Forgiveness in an Unforgiving World: We Know Not 3/24/13

We’ve been focused on Forgiveness in an Unforgiving World all through our Lenten journey. It’s about to come to an end, but in Holy week, we gain an even deeper perspective on our need for forgiveness and the possibilities of God’s grace. In our second reading today, we shift from Palm Sunday to remembering the events later in Holy Week, with the crowd turning on Jesus. I’m not making you yell “Crucify, crucify him” today, but you know that we would and that we do. Today we listen to Jesus’ prayer of forgiveness from the cross.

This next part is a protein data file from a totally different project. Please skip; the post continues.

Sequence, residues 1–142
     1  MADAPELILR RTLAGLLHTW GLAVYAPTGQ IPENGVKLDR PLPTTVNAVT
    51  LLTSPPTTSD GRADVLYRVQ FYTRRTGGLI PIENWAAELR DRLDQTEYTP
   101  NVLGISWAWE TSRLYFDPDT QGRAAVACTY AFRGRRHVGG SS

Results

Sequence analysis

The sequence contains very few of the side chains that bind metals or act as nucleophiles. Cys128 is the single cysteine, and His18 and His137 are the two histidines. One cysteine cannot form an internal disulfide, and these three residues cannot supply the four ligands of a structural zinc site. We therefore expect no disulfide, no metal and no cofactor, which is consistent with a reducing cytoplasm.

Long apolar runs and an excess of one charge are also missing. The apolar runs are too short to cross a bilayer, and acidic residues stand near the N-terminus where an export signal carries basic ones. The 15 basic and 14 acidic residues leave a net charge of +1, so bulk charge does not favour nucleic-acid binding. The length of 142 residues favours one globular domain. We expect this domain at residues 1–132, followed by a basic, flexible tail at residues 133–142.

Luke 23:26-34 As they led him off, they made Simon, a man from Cyrene who happened to be coming in from the countryside, carry the cross behind Jesus. A huge crowd of people followed, along with women weeping and carrying on. At one point Jesus turned to the women and said, “Daughters of Jerusalem, don’t cry for me. Cry for yourselves and for your children. The time is coming when they’ll say, ‘Lucky the women who never conceived! Lucky the wombs that never gave birth! Lucky the breasts that never gave milk!’ Then they’ll start calling to the mountains, ‘Fall down on us!’ calling to the hills, ‘Cover us up!’ If people do these things to a live, green tree, can you imagine what they’ll do with deadwood?” 32 Two others, both criminals, were taken along with him for execution. 33 When they got to the place called Skull Hill, they crucified him, along with the criminals, one on his right, the other on his left. 34-35 Jesus prayed, “Abba, forgive them; they don’t know what they’re doing.” Dividing up his clothes, they threw dice for them. The people stood there staring at Jesus, and the ringleaders made faces, taunting, “He saved others. Let’s see him save himself! The Messiah of God—ha! The Chosen—ha!”